Ipsos Encyclopedia - Customer Journey Mapping

​Customer Journey Mapping is the process of graphically diagramming components or mapping comprehensively the journey or journeys customers take as they interact with organisations, whether those interactions are marketing communications, products, service experiences, or any combination (organisation-controlled or not) that impacts perceptions of the customer experience.

Definition

​Customer Journey Mapping is the process of graphically diagramming components or mapping comprehensively the journey or journeys customers take as they interact with organisations, whether those interactions are marketing communications, products, service experiences, or any combination (organisation-controlled or not) that impacts perceptions of the customer experience.

Ipsos Point Of View:

While seemingly simple to conduct and use, Customer Journey Mapping, when done properly, incorporates decades of research and practical application of neuroscience, psychology, and behavioural economics. Customer Journey Mapping uncovers how human habits and heuristics are formed, strengthened, and disrupted. Rather than emphasising the documentation of past experiences, Customer Journey Mapping focuses on capturing and recording predictive expectations i.e. ‘What will happen in the journey’ and comparing those to normative expectations i.e. ‘What should happen in the journey.’ In so doing, Customer Journey Mapping allows practitioners to identify opportunities for creating detectable distinctions, branded differentiation and a holistic customer experience. Most importantly, Customer Journey Mapping may be used to document the designed experience that an organisation seeks to deliver consistently – essentially providing the blueprint for customer experience delivery.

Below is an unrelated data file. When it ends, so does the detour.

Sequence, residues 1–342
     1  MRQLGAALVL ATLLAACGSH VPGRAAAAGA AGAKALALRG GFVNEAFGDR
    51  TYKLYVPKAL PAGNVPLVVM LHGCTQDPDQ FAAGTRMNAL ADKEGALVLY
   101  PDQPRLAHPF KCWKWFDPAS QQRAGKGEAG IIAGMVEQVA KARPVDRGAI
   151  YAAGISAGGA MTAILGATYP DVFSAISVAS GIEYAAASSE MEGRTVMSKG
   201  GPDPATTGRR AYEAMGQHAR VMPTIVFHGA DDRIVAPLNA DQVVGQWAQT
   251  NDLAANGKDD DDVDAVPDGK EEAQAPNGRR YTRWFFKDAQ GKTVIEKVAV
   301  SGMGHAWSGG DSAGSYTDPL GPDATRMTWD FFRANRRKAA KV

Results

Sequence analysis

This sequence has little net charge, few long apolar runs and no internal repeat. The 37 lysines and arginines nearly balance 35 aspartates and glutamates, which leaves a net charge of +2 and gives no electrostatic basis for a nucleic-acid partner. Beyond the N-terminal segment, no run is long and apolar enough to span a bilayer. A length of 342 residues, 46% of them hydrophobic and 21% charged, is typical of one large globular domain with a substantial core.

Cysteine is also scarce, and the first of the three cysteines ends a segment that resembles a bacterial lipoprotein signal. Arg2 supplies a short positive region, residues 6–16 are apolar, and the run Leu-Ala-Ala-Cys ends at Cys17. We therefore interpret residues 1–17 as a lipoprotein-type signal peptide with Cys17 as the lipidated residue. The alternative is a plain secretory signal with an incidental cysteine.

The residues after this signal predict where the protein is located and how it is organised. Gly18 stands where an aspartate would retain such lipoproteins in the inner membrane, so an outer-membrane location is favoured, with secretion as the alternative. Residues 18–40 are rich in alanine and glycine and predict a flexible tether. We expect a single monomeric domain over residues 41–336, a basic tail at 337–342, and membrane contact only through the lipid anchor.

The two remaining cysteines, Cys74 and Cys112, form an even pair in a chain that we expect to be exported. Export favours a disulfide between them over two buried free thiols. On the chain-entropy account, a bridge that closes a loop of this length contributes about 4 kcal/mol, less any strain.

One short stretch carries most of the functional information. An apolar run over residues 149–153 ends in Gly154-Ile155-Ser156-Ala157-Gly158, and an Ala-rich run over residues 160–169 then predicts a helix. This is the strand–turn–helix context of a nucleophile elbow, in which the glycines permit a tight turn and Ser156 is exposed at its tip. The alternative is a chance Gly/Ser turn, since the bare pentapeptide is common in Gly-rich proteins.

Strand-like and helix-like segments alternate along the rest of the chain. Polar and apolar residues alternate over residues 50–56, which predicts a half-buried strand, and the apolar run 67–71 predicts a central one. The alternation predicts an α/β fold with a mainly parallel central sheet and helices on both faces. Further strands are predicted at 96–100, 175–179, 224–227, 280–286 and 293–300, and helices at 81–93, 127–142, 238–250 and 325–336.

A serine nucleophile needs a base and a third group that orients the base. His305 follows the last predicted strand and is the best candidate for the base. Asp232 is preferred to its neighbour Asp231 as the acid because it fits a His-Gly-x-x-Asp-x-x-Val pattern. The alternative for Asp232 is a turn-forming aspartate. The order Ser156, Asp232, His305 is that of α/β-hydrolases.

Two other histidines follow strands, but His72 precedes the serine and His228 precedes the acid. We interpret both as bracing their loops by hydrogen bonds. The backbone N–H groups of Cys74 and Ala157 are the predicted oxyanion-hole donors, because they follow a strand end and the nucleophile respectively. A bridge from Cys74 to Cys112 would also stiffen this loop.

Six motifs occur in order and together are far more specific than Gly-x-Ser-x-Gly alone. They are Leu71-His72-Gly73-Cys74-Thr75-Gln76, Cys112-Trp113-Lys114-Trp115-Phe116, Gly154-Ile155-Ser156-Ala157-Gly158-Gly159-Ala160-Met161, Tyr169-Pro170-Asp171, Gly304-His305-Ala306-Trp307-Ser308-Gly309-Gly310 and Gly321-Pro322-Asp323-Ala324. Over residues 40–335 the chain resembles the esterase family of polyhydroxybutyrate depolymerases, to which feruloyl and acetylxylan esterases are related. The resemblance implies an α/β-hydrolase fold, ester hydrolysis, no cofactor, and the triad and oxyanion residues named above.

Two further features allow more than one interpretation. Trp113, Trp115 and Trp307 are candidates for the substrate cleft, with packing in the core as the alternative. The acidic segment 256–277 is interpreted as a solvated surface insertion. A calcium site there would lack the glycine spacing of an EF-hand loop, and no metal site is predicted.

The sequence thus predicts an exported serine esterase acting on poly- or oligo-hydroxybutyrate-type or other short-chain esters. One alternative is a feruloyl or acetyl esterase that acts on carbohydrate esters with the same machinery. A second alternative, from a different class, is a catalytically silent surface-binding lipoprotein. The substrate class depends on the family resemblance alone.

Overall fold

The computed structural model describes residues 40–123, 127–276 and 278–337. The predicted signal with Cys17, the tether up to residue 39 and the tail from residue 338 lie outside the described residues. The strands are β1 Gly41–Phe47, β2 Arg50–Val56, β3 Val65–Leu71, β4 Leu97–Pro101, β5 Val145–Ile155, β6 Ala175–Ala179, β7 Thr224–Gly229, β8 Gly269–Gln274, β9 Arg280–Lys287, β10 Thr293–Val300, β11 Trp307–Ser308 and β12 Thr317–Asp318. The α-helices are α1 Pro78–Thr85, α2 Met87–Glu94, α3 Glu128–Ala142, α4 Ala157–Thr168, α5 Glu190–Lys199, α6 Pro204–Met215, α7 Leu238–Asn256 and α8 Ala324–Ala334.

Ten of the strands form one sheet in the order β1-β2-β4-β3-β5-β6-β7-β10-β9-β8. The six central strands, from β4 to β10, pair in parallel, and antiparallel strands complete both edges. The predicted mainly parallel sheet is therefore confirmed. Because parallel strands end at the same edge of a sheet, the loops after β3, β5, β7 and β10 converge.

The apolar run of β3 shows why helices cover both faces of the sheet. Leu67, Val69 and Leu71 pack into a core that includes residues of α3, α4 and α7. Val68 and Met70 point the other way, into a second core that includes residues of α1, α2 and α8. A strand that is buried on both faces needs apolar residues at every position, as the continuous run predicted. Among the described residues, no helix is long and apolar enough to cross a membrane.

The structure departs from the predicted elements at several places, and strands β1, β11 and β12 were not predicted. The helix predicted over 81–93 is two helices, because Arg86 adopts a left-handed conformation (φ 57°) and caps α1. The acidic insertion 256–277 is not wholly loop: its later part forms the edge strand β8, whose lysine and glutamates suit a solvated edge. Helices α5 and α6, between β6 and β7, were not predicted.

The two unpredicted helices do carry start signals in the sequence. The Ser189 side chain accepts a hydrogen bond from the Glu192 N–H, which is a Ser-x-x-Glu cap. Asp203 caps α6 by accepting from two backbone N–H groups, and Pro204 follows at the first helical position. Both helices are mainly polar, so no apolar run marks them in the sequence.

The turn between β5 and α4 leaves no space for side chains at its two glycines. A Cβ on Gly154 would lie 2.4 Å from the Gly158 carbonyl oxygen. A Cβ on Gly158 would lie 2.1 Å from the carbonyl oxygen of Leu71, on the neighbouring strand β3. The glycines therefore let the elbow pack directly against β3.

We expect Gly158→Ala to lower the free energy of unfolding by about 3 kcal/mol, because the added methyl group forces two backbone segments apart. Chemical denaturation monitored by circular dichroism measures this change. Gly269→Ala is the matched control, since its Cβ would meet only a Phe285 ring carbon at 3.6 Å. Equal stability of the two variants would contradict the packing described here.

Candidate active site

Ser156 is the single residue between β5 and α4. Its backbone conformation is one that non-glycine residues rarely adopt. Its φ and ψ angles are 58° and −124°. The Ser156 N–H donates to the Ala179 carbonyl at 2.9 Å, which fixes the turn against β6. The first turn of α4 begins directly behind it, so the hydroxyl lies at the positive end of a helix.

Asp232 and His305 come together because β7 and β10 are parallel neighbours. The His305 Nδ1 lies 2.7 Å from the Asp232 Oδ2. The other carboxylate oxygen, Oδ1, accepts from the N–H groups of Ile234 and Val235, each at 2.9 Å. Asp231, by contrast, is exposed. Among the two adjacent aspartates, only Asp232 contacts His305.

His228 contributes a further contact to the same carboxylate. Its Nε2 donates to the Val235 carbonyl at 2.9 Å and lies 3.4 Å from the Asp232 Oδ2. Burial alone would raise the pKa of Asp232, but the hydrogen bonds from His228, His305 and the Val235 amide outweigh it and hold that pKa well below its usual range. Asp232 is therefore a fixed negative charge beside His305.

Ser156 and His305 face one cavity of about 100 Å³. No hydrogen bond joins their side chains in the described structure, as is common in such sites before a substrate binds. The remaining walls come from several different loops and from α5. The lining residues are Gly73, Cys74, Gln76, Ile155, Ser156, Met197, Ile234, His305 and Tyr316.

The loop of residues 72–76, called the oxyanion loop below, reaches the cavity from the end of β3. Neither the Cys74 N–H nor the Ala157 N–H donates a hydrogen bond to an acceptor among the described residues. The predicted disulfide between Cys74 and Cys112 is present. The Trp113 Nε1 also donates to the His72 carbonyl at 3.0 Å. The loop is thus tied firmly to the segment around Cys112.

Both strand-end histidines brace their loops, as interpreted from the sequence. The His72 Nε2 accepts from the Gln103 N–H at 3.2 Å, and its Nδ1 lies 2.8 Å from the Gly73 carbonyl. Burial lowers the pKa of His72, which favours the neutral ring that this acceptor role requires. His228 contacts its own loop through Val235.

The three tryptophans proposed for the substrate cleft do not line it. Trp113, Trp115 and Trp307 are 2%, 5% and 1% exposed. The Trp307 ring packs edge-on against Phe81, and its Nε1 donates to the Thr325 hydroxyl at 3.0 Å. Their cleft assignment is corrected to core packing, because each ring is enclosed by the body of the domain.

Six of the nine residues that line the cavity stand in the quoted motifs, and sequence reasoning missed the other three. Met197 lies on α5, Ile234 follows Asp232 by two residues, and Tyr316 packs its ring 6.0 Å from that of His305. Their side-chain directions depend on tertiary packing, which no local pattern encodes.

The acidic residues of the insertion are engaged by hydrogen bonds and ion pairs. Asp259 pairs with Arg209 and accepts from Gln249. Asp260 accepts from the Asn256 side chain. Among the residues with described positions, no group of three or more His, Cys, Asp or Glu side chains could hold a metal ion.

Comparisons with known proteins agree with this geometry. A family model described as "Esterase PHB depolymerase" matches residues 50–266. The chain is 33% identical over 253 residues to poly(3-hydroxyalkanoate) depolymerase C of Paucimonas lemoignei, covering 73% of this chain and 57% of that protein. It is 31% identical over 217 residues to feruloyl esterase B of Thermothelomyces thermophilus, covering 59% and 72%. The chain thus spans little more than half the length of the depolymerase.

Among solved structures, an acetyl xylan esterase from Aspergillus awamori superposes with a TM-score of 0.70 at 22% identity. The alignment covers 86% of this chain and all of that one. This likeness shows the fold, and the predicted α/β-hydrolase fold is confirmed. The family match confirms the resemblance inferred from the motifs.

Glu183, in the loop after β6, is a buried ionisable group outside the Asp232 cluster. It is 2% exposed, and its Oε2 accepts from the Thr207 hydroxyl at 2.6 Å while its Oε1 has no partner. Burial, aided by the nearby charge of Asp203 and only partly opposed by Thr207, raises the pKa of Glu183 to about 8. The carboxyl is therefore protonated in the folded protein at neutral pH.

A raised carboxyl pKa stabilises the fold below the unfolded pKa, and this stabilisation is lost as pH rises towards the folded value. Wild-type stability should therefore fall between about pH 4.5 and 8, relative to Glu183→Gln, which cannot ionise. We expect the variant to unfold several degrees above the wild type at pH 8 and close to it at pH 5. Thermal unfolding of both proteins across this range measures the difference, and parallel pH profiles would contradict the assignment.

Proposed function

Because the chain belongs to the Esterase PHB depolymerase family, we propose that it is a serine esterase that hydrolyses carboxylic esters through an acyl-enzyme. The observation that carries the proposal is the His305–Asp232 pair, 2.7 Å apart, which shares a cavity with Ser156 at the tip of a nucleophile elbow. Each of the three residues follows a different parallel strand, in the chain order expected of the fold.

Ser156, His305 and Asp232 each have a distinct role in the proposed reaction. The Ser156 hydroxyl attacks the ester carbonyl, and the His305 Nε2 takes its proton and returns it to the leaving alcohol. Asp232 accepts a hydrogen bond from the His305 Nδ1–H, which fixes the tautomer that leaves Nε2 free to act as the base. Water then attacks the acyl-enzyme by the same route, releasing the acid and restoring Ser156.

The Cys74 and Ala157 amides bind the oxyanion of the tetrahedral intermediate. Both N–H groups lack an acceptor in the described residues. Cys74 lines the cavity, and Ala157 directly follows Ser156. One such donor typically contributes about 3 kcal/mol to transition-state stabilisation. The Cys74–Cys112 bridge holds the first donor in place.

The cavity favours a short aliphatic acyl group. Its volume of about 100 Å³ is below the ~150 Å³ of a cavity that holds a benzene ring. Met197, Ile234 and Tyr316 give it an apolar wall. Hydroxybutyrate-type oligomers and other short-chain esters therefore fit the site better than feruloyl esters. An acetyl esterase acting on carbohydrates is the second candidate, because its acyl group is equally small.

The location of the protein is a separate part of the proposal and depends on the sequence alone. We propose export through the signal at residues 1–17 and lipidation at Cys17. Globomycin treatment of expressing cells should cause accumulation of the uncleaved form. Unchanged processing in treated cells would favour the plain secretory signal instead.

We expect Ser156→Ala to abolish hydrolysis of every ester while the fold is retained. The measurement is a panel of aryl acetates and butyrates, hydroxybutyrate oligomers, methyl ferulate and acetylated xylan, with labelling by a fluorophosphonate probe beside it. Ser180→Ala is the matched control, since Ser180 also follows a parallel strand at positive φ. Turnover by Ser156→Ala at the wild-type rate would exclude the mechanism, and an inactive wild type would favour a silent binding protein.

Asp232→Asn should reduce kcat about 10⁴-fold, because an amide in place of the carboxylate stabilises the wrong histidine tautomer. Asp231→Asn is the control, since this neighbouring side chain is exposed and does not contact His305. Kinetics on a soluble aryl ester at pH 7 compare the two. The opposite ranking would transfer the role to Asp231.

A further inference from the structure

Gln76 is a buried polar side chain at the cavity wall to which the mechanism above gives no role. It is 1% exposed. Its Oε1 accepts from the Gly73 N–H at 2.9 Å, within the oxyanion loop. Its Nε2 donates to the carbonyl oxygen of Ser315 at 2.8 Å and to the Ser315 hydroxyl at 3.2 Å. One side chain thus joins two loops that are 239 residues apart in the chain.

Examples of how clients can use Customer Journey Mapping include:

  1. Uncovering gaps in their customer service experience
  2. Identifying disconnects between their brand value proposition and how customers experience their brand
  3. Rectifying inconsistencies between how internal processes are built and the way customers experience them
  4. Aligning internal resources to focus on the most important moments of truth in the customer experience

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Recommended readings:

  • Using Customer Journey Maps to Improve Customer Experience by Adam Richardson (2010, Harvard Business Review)
  • Making Meaning: How Successful Businesses Deliver Meaningful Customer Experiences by Steve Diller, Nathan Shedroff and Darrel Rhea (2005)
  • The Experience Economy: Work Is Theater & Every Business a Stage by B Jospeh Pine and James H Gilmore (1999)

Customer Experience